"What is the most urgent issue that economists should address?" - "Inequalities!" shout students all around the world when prompted. But there is also climate change, financial instability, unemployment. Faced with these expectations, economics courses disappoint or even divert students from the subject.
"During the 2008 crisis,” explains Wendy Carlin, Professor of Economics and Macroeconomics at UCL and co-author of CORE, “economics students were embarrassed: they went home to celebrate the holidays and when their families asked them for explanations, they were unable to give them any answers."
Too theoretical, too far removed from contemporary issues
It is from this observation that the CORE project was created in 2016 (CORE: Curriculum Open Access Resources in Economics): if citizens of the world are so critical vis-à-vis the economy, it is undoubtedly that the way it is being taught is partially responsible. "The teaching of economics is strongly questioned around the world, and particularly in France, because it is considered too theoretical, too far removed from major contemporary issues, and too reductive on human behavior", explains Yann Algan, Economist and Professor at Sciences Po and one of the authors of the project. CORE, “an open-access platform for anyone who wants to understand the economics of innovation, inequality, environmental sustainability, and more”, is led by a team of researchers and teachers from around the world, and already used in over a hundred universities in the world.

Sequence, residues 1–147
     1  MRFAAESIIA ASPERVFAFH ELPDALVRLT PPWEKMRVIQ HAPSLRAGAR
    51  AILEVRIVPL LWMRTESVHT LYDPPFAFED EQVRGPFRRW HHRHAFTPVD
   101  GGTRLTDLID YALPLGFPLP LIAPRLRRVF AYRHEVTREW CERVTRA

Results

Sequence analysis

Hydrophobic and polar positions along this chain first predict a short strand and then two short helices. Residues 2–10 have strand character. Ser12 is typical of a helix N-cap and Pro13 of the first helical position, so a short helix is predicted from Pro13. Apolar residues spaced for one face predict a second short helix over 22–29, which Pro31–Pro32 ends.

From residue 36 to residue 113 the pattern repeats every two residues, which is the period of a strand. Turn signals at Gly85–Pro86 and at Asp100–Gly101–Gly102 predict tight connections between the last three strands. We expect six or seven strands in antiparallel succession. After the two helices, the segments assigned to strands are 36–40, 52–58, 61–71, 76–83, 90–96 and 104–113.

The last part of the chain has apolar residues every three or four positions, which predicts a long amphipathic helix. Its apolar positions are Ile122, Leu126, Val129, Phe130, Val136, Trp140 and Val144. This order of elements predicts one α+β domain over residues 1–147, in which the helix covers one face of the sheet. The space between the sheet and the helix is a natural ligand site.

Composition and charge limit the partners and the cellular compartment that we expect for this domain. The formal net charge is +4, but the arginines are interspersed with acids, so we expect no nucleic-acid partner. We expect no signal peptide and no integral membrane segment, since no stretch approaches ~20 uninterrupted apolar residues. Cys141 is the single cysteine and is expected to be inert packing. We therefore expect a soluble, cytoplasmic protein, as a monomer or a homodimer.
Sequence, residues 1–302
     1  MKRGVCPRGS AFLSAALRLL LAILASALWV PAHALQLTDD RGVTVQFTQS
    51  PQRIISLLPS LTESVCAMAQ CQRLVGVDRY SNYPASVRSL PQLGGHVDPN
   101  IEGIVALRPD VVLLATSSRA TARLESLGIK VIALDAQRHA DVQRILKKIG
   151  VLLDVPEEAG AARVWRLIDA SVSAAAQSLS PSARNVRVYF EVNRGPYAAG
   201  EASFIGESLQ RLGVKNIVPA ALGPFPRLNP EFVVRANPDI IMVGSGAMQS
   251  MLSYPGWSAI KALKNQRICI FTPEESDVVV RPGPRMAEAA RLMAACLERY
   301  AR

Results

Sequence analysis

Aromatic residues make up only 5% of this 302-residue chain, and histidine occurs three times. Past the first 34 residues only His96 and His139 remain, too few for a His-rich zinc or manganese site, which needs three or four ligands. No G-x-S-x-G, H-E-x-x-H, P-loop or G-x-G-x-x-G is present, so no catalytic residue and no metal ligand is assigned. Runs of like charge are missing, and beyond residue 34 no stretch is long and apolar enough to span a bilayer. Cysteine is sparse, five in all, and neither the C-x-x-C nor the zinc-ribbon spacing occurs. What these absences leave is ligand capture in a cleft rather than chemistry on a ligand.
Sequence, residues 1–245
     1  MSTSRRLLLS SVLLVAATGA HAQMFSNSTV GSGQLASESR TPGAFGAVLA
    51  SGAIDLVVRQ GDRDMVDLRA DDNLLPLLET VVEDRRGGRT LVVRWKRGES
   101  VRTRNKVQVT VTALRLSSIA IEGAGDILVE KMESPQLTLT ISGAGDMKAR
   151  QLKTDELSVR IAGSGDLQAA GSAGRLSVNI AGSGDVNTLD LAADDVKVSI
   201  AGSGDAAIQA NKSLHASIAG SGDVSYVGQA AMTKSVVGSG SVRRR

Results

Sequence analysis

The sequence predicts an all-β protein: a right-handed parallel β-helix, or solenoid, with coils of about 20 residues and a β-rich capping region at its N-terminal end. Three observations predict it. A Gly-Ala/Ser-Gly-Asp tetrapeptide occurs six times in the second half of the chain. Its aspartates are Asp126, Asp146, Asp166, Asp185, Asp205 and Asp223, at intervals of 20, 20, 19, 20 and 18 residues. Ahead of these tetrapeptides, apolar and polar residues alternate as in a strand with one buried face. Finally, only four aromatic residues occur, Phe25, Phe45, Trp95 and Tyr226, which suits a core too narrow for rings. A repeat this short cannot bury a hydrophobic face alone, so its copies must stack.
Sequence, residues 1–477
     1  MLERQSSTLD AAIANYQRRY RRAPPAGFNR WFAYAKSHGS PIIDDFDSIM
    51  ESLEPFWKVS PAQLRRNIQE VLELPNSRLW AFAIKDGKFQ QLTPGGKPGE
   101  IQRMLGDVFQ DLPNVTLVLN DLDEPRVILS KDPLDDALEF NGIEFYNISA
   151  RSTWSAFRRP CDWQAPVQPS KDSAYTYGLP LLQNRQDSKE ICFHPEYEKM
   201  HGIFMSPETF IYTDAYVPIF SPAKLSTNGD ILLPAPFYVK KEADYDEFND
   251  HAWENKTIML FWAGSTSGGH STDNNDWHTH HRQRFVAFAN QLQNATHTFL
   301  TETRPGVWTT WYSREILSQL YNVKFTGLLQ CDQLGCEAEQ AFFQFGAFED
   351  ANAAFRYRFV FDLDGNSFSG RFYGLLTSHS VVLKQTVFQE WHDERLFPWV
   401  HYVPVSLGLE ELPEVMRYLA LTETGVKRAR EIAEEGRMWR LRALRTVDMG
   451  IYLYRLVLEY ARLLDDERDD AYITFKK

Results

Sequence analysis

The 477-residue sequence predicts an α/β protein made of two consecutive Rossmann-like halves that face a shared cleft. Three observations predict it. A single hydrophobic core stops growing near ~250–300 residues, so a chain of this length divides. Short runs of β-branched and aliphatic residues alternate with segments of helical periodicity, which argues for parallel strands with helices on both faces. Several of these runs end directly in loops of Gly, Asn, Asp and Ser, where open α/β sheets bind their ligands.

"The greatest resistance to change,” continues Yann Algan, “is the lack of alternatives. To make concrete changes, we needed a tool that could be immediately implemented in the classroom.” That is the objective of the CORE ebook, The Economy, a completely free online manual. The French version has just been published online; students from Sciences Po and the Toulouse School of Economics have been using it since last September.
Teach the economy as if the last 30 years had taken place